“How do you restore that balance?” James asked, saying it was once believed the harder one worked, the more money he would make and the greater success he would achieve. “That doesn’t work.”
There are a number of ways a burned out landscaper or one experiencing the beginnings of stress can restore a healthy balance in his life, she said.
It begins with one’s physical health and the need to exercise regularly and eat a healthy diet. Another landscaper James knows once had some health issues and was frequently irritable. He decided to lose some weight and eat better, and ultimately made a positive lifestyle change. Part of the process included extending payment incentives to his employees if they went jogging at the end of each work day. The staff embraced the proposal, and everyone began to lose weight. A better attitude had developed among the staff, and the company began to realize lesser employee turnover. The strategy has continued for this company for about four years and has made a positive difference.
“That came from the boss guy who changed the culture of many,” James said.
The same landscaper also encouraged his employees to bring their own lunches from home and not rely on the foods available from the canteen truck, which generally aren’t as healthy, or from nearby fast food restaurants.
“I thought, what a nice change.”
An ailment which negatively affects one’s health is cancer, but James said she favours more emphasis devoted to its prevention than trying to find a cure. Landscapers need to step up their efforts toward cancer prevention to not only safeguard themselves against it, but their employees as well. A landscaper who shows an employee a 20-minute Workplace Hazardous Materials Information System (WHMIS) video and then walks away, believing he has done his part to promote health and safety, has fallen well short of his responsibilities, she said.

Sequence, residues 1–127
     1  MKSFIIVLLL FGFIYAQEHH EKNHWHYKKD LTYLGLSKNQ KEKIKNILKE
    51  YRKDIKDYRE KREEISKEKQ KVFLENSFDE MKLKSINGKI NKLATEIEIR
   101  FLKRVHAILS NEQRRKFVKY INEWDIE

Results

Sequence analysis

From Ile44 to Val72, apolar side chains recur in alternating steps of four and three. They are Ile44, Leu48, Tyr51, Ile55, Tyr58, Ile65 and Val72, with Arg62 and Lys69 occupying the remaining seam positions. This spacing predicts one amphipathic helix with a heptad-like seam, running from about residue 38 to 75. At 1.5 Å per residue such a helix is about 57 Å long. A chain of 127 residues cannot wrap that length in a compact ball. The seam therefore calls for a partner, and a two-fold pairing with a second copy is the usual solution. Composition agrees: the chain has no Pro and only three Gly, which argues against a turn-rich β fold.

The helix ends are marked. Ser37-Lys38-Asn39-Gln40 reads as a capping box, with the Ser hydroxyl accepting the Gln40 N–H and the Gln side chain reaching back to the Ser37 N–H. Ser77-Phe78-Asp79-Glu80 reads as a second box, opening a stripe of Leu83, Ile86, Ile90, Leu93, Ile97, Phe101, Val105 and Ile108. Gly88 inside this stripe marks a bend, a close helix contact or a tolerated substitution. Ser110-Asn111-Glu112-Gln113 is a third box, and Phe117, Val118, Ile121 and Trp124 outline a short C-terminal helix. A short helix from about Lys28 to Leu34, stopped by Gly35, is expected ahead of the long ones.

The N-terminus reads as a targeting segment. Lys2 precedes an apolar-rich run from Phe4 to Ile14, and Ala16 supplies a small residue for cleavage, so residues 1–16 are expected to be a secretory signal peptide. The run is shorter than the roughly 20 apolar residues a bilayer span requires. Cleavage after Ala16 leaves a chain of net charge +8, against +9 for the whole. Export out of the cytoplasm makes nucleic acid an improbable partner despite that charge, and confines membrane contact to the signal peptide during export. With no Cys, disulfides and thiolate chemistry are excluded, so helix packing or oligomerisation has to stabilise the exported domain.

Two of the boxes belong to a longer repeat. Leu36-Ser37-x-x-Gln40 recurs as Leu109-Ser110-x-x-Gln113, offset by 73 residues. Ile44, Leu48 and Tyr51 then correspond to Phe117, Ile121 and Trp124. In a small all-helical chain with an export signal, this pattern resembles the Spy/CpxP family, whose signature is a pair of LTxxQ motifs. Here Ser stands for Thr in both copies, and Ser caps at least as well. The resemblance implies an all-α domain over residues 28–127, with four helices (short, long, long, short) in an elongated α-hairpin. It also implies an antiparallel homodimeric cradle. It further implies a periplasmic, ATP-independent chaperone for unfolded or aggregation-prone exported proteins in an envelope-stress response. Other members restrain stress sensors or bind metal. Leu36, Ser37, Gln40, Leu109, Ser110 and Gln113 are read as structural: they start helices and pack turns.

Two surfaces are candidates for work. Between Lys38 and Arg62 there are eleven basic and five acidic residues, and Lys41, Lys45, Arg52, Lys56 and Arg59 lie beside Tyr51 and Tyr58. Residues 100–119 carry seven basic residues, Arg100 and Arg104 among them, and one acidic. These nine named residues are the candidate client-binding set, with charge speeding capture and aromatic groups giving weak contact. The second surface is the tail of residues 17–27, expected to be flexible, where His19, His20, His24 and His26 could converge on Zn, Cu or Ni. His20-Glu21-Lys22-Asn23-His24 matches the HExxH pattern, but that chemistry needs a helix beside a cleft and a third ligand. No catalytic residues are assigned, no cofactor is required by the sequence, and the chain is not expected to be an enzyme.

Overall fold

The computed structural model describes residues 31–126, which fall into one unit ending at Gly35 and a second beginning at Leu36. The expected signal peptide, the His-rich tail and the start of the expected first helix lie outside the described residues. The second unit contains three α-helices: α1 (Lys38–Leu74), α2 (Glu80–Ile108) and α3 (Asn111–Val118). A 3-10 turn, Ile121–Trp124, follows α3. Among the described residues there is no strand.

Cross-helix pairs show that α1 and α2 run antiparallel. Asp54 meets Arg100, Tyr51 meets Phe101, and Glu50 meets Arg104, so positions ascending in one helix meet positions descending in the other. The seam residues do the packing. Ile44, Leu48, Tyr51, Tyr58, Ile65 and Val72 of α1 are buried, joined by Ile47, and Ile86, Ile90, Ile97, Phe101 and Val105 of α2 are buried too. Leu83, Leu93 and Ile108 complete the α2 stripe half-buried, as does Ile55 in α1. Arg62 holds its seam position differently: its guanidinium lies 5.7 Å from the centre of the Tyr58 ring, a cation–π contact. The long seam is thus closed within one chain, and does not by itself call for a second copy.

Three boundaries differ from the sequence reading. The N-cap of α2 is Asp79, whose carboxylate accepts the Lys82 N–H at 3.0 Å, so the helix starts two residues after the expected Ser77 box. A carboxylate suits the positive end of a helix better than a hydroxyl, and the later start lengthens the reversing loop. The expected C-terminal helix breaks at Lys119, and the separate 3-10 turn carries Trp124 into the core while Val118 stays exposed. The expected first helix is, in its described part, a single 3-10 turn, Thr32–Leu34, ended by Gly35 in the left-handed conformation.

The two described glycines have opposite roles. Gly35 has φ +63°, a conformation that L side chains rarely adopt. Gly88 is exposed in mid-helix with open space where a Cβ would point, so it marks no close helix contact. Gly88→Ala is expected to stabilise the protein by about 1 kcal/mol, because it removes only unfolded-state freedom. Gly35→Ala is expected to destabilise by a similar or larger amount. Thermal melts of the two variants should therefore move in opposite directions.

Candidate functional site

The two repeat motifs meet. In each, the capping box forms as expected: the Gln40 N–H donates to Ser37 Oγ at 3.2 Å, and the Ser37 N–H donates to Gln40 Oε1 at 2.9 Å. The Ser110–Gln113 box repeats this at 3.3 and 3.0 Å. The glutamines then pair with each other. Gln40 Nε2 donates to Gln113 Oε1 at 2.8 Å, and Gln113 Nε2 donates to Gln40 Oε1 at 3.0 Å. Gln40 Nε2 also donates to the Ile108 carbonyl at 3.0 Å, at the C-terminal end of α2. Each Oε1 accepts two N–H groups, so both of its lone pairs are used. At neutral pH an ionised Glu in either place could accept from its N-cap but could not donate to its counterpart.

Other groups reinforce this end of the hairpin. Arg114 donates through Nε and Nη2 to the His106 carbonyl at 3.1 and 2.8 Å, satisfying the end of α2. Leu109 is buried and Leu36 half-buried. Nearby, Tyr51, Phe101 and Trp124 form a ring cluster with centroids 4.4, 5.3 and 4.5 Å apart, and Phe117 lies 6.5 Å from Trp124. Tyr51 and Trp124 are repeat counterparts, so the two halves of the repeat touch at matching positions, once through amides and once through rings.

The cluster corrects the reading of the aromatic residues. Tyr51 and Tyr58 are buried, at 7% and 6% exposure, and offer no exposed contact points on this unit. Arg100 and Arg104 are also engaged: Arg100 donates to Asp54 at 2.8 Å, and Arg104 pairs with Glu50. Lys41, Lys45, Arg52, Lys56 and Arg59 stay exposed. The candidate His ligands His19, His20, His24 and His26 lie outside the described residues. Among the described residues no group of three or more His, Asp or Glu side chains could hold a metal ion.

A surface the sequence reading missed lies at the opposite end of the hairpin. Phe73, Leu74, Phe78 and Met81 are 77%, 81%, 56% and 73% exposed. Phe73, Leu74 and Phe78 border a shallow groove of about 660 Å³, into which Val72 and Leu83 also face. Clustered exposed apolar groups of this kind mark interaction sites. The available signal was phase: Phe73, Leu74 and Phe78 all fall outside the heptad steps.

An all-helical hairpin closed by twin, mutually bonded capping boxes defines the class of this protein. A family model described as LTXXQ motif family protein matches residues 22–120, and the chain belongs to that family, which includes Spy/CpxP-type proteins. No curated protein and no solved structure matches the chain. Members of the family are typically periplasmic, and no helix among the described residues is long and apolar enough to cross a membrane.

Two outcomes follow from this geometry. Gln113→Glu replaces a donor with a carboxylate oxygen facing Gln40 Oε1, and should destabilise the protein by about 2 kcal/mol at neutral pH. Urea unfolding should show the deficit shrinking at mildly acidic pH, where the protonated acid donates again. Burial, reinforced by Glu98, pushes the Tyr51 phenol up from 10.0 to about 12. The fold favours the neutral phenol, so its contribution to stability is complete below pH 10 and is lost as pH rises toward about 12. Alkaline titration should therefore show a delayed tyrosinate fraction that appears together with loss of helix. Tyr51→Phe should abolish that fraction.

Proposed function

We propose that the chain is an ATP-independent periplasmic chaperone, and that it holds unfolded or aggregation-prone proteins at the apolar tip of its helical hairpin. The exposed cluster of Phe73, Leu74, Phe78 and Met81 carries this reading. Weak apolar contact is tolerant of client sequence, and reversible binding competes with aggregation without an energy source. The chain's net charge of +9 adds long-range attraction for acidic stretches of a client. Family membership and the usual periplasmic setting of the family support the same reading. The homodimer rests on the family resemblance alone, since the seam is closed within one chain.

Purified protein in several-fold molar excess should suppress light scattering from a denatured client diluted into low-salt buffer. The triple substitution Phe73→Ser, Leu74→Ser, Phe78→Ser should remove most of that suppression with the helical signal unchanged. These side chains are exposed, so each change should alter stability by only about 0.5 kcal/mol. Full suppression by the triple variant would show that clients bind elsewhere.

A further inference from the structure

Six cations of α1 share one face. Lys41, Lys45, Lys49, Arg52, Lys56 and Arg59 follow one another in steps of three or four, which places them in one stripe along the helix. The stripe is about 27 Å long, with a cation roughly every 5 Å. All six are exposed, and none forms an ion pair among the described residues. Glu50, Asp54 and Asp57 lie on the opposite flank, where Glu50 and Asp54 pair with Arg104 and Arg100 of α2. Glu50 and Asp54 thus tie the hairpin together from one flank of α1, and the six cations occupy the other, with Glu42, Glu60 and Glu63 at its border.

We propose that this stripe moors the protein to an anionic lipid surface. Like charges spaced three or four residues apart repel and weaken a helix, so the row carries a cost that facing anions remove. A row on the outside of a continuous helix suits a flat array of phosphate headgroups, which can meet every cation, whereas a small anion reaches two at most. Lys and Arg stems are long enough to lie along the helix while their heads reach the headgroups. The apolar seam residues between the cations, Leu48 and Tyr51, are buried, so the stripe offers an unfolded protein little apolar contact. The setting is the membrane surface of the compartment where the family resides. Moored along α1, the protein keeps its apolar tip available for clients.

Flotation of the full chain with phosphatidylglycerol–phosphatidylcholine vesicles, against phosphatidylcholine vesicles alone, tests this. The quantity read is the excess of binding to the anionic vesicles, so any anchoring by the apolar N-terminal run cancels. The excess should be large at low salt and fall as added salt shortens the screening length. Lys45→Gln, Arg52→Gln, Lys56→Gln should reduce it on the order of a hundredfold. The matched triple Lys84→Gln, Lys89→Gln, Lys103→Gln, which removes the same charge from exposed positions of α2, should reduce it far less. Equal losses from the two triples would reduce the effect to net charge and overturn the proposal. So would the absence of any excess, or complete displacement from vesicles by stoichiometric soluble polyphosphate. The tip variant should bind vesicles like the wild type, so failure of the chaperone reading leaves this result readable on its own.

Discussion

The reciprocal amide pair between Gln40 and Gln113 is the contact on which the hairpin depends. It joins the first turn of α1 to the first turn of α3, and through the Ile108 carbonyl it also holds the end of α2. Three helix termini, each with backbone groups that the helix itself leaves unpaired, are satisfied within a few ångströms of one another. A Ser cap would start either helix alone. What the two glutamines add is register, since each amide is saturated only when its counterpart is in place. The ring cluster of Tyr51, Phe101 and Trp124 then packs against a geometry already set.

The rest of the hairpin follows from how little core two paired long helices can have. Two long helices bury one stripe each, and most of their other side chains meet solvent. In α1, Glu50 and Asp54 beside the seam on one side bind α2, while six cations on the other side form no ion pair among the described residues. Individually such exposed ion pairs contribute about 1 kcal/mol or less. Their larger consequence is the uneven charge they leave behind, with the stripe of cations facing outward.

James spoke of another landscaper who, at age 45, was diagnosed with bladder cancer. Several years ealier, he had worked with solvents, pouring them from one larger container into many smaller ones. One day he passed out while doing it. His oncologist listed a number of things he might have come in contact with during his past that might have led to the cancer. When the doctor reached “solvents” on the list, the cause was apparent.